Unraveling the Geologic History of the Blacktail Mountains, SW Montana
This proposal is a continuation of my collaborative research with Dr. Peter Muller in understanding the geologic evolution of the Blacktail Mountains in southwestern Montana. Our recent field mapping has identified a more extensive sequence of volcanic and sedimentary rocks that occur at the southeastern end of the range then has previously been reported. The lowermost part of this sequence consists of a maroon colored, coarse-grained volcanic breccia that sits directly atop 2.7 billion year old metamorphic gneisses. The breccia unit is subsequently overlain by a series of finer-grained maroon rhyolite lava flows that locally display flow banding textures. Overlying these volcanic units is a previously unrecognized sequence of alternating layers of sedimentary rocks interlayered with volcanic ash deposits. This study will document the map pattern, composition, texture, structure, and origin of these rocks. Our results will be incorporated into our developing model for the formation of the Blacktail Mountains.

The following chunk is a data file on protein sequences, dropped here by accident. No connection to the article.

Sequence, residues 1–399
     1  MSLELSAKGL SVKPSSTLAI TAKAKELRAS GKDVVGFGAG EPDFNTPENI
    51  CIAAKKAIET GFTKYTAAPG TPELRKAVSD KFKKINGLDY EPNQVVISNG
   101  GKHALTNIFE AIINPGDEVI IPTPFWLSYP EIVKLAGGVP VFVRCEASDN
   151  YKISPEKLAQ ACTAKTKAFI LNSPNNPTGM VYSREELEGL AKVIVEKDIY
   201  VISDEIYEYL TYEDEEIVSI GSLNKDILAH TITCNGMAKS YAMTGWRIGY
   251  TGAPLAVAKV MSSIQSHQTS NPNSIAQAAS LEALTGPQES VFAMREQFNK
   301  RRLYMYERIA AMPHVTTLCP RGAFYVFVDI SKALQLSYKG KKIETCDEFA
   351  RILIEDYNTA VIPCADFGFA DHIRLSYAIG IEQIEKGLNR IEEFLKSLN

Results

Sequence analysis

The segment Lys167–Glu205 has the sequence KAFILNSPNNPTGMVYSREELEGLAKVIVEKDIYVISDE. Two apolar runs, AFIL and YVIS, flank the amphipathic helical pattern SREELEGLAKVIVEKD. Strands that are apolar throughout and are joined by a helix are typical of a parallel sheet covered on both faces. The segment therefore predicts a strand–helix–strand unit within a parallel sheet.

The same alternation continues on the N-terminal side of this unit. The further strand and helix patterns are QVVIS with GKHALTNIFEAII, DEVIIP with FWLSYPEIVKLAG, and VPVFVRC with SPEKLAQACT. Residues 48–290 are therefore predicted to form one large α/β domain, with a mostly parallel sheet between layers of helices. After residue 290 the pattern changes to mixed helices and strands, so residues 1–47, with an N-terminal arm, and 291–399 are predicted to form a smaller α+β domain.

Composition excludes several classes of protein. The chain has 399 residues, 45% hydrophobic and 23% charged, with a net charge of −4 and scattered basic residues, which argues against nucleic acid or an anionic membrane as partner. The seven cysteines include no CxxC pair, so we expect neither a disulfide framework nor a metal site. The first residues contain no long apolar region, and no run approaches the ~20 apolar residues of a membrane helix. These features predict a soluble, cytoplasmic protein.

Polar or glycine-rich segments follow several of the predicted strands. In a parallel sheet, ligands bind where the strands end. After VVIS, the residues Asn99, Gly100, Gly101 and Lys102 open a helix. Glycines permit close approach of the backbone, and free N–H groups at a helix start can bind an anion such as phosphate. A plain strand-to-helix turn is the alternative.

Krol, Michael A. (2004). Unraveling the Geologic History of the Blacktail Mountains, SW Montana. CARS Summer Grants. Item 124.